With all the buzz around the WWE brand extension, the draft, Roman Reigns’ suspension and then the Shield Triple Threat, SummerSlam has crept up on us – and we shouldn’t sleep on it because SummerSlam has long been the #2 show of the year for WWE, and often better than WrestleMania. So just like we did with Mania, we are going to run down the 10 best matches in SummerSlam history!
If you missed Part One, check it out here!
7. Triple H vs Shawn Michaels – Unsanctioned Street Fight – 2002
We’re only four matches in and already we have our 3rd from 2002 – if you can’t figure out that was one hell of a show and you should go watch it!
This was Shawn Michaels first match since WrestleMania XIV all the way back in 1998 – he had gone through a back injury, a pill addiction, and alcoholism. Back in the late 90’s Triple H and HBK were the founding members of D-X and best friends, but there was one definite fact – HBK was the guy. He was the champion and the superstar, Triple H was the sidekick. During Michaels four-year absence though Triple H had become a multiple time WWE Champion, a WrestleMania main eventer and one of the best heels in the business.
The angle of best friends and the power shift between them was excellent, the anticipation of HBK’s first match in over 1,600 days was huge and somehow the match managed to deliver. It was helped by the excellent commentary of Jim Ross. Every classic Michaels moment, from skinning the cat to a double axe-handle off the top rope, got a pop from the crowd.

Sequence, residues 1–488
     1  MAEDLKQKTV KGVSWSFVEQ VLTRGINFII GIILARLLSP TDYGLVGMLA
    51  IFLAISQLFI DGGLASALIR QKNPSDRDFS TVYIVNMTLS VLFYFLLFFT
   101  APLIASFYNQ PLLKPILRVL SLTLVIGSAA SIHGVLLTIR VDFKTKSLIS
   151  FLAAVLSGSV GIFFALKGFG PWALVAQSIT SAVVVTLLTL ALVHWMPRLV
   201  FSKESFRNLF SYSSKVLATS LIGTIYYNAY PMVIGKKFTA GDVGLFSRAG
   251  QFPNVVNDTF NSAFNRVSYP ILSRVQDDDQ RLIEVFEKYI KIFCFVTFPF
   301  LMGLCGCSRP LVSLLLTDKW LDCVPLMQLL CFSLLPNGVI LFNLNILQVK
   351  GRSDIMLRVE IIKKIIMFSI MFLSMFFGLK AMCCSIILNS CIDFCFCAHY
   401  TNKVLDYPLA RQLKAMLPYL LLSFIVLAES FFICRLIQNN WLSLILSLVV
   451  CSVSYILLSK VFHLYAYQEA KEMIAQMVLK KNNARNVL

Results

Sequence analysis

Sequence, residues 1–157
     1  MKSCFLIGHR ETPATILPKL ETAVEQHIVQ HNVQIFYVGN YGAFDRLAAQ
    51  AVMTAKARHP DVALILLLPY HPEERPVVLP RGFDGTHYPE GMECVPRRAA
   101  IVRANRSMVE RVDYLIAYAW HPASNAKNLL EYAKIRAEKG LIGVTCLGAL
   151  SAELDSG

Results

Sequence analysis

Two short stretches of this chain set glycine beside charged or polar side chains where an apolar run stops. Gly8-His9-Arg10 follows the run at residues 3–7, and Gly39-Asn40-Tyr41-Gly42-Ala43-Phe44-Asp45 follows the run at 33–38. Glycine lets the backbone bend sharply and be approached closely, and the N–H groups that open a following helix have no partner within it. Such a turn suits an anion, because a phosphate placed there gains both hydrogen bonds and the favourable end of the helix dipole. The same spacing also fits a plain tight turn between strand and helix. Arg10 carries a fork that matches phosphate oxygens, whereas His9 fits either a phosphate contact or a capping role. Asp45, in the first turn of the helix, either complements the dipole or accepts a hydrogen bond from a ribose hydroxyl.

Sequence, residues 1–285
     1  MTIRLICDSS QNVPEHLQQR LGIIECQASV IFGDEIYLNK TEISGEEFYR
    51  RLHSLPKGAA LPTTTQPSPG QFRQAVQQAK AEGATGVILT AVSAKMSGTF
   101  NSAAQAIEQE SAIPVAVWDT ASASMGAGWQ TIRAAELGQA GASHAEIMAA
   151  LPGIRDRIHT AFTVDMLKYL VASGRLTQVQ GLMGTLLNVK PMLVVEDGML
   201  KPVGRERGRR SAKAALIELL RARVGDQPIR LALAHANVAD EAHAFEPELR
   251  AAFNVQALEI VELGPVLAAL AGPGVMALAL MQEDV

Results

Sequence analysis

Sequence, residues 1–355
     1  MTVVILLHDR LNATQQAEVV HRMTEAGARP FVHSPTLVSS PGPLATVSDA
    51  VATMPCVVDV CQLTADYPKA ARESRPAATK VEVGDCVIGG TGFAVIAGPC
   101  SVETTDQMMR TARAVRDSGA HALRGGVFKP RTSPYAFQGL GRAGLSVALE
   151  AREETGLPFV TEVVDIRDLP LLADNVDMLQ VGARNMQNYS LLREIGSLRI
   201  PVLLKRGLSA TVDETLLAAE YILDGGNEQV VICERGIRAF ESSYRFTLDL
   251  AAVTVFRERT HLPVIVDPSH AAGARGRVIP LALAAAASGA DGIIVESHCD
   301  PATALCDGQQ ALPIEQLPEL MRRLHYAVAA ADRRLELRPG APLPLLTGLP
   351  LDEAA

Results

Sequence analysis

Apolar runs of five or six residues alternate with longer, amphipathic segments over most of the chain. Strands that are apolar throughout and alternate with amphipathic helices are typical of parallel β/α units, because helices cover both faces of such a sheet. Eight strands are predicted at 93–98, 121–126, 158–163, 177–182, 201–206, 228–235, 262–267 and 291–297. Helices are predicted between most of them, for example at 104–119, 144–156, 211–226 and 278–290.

Triple H’s methodical work of Michaels’ back started off harshly and then got more and more brutal but it only served to make the comebacks and moments of fire from Michaels all the more exciting. Referee Earl Hebner tried to protect Michaels as well, only serving to increase the hatred of Triple H. The first nip up of the night blew the roof off the Nassau Coliseum and as the blood flowed and the chairs swung the match teetered on the brink of being too much. A cross body from the top rope through a table on the outside, an elbow off the top of a ladder, HBK pulled out the big moves but the end came with a roll-up and an continuation of the angle.
The return of Michaels was so unlikely after everything he went through and the demons he battled. The emotion of seeing him take to the ring once more and perform like he had never been away was incredible.
6. “Stone Cold” Steve Austin (c) vs Kurt Angle for the WWE Championship – 2001
There was a lot wrong with the “Invasion” angle, but this match was one of the things that worked incredibly well.
The heel Stone Cold Steve Austin, with all his paranoia and craziness, went into SummerSlam with the championship he had sold his soul for and had then turned his back on “Team WWF” because of his jealousy of Vince McMahon & Kurt Angle’s relationship. So yea, the story in the lead up wasn’t great, but the build did include the wonderful moment of Kurt Angle soaking The Alliance with milk in a wonderful flip of Austin’s famous beer truck moment.